Businesses of all types and sizes throughout the United States, Mexico and beyond bring their disputes to Gardere's litigation team and receive practical, responsive, boutique-style attention in return. Our clients have access to the firepower and value of a well-known and highly-regarded Firm's capabilities and interdisciplinary strengths.
Gardere has a national and international energy practice formed around our Energy Industry Team, which is a multidisciplinary group of approximately 60 attorneys with diverse backgrounds, experience and skills specific to the energy industry. Our team includes attorneys who have served as in-house counsel for major energy companies, providing a depth of insight into our clients' needs, issues and concerns. We understand and regularly practice in virtually every sector of the energy, and we represent a wide variety of industry participants from multinational corporations to individuals.
From our offices in the United States and Mexico, our International Practice helps clients operate in today’s global economy. We have more than 30 professionals operating as a boutique within an Am Law 200 law firm and are able to provide focused service with the resources of a large firm. We understand that clients who are engaged in the global marketplace need lawyers who can operate seamlessly across multiple jurisdictions. Our international experts are multi-lingual, are culturally fluent and intimately familiar with various legal systems across the world, especially those in Latin America. Whether you need help with commercial transactions, regulatory matters, customs and import regulations, immigration matters, M&A and joint ventures, international disputes, or international tax planning, Gardere’s international team is here to assist you.
We represent domestic and foreign private funds in all aspects of fund formation, fund operations, platform and add-on acquisitions, and portfolio company operations. Our team has a reputation for being the go-to-lawyers for private equity funds, hedge funds, venture capital funds and family offices. We are known for our vast deal experience, the efficient way we staff and manage our work, and the way we maintain our relationships. We get deals done with sophisticated, strategic, and practical advice tailored to the needs of our clients.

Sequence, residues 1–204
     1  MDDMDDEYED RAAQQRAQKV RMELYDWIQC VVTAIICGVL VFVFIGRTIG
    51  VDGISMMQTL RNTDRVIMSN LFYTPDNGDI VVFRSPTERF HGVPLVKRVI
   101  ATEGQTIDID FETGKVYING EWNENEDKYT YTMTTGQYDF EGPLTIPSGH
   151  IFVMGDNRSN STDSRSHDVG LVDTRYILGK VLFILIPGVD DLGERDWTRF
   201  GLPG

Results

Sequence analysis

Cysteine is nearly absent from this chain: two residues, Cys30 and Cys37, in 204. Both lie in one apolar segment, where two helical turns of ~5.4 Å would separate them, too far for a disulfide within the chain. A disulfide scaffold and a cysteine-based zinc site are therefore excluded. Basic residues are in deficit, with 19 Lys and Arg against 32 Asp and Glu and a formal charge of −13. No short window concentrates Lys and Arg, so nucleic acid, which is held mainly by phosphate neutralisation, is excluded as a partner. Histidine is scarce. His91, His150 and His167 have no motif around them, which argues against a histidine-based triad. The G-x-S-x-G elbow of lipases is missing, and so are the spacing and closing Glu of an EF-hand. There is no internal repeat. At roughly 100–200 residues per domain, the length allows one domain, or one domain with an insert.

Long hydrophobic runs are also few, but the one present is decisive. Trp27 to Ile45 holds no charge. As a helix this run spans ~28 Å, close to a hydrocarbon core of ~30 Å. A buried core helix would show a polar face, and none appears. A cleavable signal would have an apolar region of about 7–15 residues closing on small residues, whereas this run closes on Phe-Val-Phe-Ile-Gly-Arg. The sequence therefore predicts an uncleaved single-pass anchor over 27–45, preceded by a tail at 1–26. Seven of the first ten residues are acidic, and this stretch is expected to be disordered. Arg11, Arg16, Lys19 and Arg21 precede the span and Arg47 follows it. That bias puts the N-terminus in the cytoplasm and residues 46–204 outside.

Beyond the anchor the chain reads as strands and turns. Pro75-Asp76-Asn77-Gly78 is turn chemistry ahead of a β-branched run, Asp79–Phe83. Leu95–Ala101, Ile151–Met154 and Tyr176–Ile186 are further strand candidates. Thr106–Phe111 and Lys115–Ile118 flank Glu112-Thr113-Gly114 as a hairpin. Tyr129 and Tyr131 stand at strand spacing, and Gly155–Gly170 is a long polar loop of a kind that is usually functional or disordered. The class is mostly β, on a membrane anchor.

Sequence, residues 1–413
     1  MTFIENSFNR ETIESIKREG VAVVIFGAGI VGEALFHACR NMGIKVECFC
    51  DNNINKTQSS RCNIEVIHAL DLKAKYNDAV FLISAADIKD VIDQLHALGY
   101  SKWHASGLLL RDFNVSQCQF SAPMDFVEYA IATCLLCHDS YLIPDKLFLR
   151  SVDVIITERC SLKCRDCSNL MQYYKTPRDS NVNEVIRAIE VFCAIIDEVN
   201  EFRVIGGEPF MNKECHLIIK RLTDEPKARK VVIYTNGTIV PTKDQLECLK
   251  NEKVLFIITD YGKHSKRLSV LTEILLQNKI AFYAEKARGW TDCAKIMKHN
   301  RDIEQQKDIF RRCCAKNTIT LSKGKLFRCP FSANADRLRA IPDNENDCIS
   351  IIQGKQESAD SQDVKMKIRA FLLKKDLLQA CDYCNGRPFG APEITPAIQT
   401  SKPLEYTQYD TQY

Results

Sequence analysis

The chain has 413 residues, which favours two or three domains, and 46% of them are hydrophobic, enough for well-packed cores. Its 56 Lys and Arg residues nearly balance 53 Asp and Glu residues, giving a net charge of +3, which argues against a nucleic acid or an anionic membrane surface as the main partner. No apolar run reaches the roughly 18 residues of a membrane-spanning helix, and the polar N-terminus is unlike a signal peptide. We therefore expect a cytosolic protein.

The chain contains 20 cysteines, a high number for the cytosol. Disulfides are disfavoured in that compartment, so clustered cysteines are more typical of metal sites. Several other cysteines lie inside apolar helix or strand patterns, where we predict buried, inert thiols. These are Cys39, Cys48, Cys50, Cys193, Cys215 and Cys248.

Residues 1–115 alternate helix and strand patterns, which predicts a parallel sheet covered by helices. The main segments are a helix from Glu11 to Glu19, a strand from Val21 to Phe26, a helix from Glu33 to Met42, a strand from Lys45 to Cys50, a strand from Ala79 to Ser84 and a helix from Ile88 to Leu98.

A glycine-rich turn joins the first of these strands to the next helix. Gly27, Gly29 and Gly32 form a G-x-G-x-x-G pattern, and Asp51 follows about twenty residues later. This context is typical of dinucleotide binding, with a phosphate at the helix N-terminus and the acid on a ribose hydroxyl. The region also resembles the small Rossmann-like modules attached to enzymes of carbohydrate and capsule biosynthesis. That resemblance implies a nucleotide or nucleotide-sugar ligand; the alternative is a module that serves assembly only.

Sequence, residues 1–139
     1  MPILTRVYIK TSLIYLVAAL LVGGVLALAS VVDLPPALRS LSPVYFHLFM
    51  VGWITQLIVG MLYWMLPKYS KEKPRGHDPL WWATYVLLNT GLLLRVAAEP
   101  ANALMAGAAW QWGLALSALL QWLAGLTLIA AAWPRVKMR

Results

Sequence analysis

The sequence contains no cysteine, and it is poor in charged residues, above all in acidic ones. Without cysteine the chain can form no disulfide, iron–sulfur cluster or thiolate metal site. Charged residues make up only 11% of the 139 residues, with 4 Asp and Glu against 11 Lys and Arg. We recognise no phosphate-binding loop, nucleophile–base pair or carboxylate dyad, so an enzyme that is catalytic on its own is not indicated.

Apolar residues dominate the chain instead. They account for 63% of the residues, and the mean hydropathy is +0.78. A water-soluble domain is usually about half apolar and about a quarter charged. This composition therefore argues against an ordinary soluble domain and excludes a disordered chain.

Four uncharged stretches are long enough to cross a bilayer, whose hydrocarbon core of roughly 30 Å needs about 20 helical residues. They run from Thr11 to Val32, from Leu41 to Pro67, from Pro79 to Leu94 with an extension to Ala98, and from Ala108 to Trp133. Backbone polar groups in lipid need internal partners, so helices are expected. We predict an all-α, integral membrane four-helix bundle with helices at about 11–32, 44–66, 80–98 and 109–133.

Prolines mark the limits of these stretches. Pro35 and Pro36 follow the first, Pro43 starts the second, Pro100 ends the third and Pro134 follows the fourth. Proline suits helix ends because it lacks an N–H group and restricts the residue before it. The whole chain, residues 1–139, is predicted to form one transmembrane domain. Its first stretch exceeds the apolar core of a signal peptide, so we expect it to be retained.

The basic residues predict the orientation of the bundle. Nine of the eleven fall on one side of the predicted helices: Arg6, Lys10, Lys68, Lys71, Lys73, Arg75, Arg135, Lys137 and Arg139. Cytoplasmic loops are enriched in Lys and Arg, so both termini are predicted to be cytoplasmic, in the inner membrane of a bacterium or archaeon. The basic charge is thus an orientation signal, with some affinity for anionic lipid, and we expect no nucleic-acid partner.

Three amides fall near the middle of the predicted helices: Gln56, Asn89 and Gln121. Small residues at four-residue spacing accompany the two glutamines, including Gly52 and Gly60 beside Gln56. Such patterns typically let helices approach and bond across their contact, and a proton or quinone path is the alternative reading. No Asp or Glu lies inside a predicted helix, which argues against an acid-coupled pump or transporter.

*Not admitted to practice law.
The Alliance for Board Diversity released its 2010 Diversity Census on May 2, 2011. The report, entitled “Missing Pieces: Women and Minorities on Fortune 500 Boards” (PDF), indicates that little has changed since the Alliance’s first census in 2004. While women represent a majority of the U.S. population and racial and ethnic minorities together are over one third of the U.S. population (and growing faster than the white majority), the new census indicates that “white men continue to dominate corporate boards and have, in fact, increased their presence since 2004.”
Looking at Fortune 100 companies, the Census found that 72.9% of directors in 2010 were white men, an increase from 71.2% in 2004. Overall, men dominated the boardroom with 82% of directors, compared to 83.1% in 2004. The picture is even bleaker among Fortune 500 companies, where 77.6% of the directors were white men in 2010 and a total of 84.4% were men. Only 15 Fortune 500 companies had men, women, African-Americans, Asian-Pacific Islanders, and Hispanics on their boards based on the 2010 information.
With the release of the 2010 Census, SEC Commissioner Luis A. Aguilar issued a statement bemoaning that while there are more qualified diverse board candidates than ever before, corporate boardrooms have in fact become more resistant to gender and racial/ethnic diversity. A week earlier, Commissioner Aguilar addressed the lack of diversity in a keynote speech to the 2011 Hispanic Association of Corporate Responsibility—Corporate Directors Summit. Speaking to the SEC’s 2009 rule regarding diversity disclosure, he pointed to the results of a recent SEC staff review. The two primary areas of weakness identified in the disclosure were (1) a failure to disclose important information, including about a company’s “informal” diversity policy (which still requires disclosure), and (2) where there is disclosure of a policy, incomplete information regarding the evaluation of the policy’s effectiveness.
OUR TAKE: Both common sense and various studies indicate that any group can benefit from diversity of experience and backgrounds among its members, and that diversity can translate into economic benefits to businesses. Both investors and the SEC are increasingly focused on diversity. Corporate boards cannot afford to be complacent on this issue. And the complaint that there are no qualified diversity candidates rings hollow. There are a variety of resources available as well as personal networks and relationships to mine for qualified diversity candidates that will enhance a corporate boardroom and benefit the company.
The publications contained in this site do not constitute legal advice. Legal advice can only be given with knowledge of the client's specific facts. By putting these publications on our website we do not intend to create a lawyer-client relationship with the user. Materials may not reflect the most current legal developments, verdicts or settlements. This information should in no way be taken as an indication of future results.
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